NEW YORK • The celebratory dinner was at one of the city's most chic restaurants which offers a view down Central Park South to the Park Lane Hotel, a 47-storey tower. Mr Steven Witkoff, a New York developer, had just won the bidding for the Park Lane. It was, he thought, the best location in Manhattan to build a super tower with ultra-luxury apartments.
Dining with him that night in 2013 was Mr Low Taek Jho, widely called Jho Low, an extravagant Malaysian financier whose friends included heads of state, Wall Street bankers and celebrities.
Mr Low had agreed to finance 85 per cent of the US$654 million they were paying for the Park Lane. He had also provided the US$100 million non-refundable deposit that convinced the sellers to choose the Witkoff group over a rival bidder with a slightly higher offer.
But no work ever started on the planned new tower. Mr Low's fortune evaporated under scrutiny from the authorities in the US and abroad who say that his money was stolen from the Malaysian people.
Four years after the dinner, the first and last time Mr Witkoff and Mr Low socialised, Mr Witkoff and his remaining partners are being forced by the Justice Department to sell the building. A glossy marketing book is being sent to prospective bidders this week.
"This was the best site in New York City and maybe the world," Mr Witkoff said in an interview. "We designed what the entire partnership thought was a beautiful building. Little did we know we'd face circumstances like this."
The story of the Park Lane offers a window into high-stakes development in Manhattan, where in the past decade, a gusher of foreign capital, much of it difficult to trace to its original sources, has chased some of the most desirable real estate on earth.
Mr Low has disappeared, possibly holed up in a hotel in Shanghai. He sits at the centre of what the authorities are calling one of the biggest international money- laundering schemes ever.
According to the Justice Department, which initiated a civil forfeiture action last year, Mr Low - who had close ties to Malaysia's Prime Minister Najib Razak - and his associates conspired to illegally divert more than US$3.5 billion (S$4.8 billion) from a Malaysian development fund to acquire the Park Lane, a luxury hotel in Beverly Hills, condominiums in New York and expensive works of art.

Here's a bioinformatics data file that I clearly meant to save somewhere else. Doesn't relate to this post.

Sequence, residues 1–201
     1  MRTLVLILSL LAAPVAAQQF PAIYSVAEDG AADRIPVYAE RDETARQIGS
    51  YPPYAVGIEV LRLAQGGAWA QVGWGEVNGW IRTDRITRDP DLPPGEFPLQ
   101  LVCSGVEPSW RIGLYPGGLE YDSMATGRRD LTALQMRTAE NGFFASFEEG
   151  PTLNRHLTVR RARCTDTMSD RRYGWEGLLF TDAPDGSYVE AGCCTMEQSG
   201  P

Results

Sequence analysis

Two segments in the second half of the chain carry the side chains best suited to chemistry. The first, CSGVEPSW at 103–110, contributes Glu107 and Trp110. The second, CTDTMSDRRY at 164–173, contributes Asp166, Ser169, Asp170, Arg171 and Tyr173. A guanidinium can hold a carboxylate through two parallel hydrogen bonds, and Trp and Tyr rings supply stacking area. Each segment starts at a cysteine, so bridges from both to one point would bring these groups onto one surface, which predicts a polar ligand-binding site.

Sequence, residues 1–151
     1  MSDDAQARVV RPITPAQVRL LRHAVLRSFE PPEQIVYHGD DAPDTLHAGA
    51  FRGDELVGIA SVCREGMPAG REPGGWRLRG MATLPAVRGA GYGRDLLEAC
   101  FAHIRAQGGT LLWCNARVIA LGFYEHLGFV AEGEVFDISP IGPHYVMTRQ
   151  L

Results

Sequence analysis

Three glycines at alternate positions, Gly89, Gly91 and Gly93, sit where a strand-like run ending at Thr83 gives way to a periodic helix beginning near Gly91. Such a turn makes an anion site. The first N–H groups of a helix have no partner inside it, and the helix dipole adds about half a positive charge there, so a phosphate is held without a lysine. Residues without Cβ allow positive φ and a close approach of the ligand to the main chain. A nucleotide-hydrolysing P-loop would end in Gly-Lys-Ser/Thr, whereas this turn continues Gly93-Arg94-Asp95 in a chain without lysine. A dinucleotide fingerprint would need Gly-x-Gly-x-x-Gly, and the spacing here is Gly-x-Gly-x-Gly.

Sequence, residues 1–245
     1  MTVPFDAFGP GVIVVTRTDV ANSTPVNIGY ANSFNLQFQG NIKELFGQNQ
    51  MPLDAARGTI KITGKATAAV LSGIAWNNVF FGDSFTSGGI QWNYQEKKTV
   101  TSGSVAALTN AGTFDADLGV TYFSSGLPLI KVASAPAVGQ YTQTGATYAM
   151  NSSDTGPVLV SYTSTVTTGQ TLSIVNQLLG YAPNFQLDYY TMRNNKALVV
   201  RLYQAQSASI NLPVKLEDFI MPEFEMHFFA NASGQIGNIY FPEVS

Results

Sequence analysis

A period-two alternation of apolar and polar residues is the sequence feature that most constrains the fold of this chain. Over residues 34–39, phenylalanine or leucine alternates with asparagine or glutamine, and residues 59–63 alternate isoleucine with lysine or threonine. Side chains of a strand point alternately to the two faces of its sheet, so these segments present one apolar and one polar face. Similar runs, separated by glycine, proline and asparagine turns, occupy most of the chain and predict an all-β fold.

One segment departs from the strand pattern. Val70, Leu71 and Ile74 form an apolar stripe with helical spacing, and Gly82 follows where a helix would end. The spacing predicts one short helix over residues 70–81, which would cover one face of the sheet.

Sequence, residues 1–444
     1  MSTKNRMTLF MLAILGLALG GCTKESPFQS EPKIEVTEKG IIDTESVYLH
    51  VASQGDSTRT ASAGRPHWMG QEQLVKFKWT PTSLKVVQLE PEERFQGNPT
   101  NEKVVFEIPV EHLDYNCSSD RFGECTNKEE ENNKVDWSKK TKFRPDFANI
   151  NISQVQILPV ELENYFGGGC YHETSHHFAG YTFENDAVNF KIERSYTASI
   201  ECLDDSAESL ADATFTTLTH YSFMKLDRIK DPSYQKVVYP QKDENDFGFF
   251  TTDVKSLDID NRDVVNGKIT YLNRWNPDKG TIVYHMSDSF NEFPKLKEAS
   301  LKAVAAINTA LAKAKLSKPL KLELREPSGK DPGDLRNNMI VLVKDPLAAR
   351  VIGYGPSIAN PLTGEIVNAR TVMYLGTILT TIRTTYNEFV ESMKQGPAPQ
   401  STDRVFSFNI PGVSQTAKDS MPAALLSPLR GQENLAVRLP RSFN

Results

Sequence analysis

Mr Low has denied any wrongdoing, as has Mr Najib and the development fund. The federal complaint contends that US$731 million from the fund, which was known as 1Malaysia Development Berhad (1MDB), was deposited into accounts belonging to an official identified as "Malaysian Official 1" .
Investigations are under way in the United States, Switzerland, Malaysia, Singapore and at least two other countries.
The Park Lane, built in 1971, was architecturally uninspiring but offered wide-angle views of Central Park. Developers at the time were turning 57th Street into a billionaires' row, with a half-dozen skyscrapers under construction.
Both Mr Witkoff and Mr Harry Macklowe, a long-time developer, lobbed unsolicited offers before the bidding started. A lawyer introduced Mr Witkoff to Mr Low.
Mr Najib had established 1MDB in 2009 to spur economic development. Mr Low emerged as an adviser and a key figure in the fund's global deal-making. The fraud and money laundering at 1MDB started almost immediately, said the federal complaint.
The case represents "the tip of the iceberg" when it comes to corruption and money laundering, said Ms Heather Lowe of Global Financial Integrity, a non-profit that focuses on illicit financing.
"There is so much money moving around the world every day," she said. "There is a need to focus on funds going into banks and high-value real estate and how that may be facilitating corruption and poverty around the world."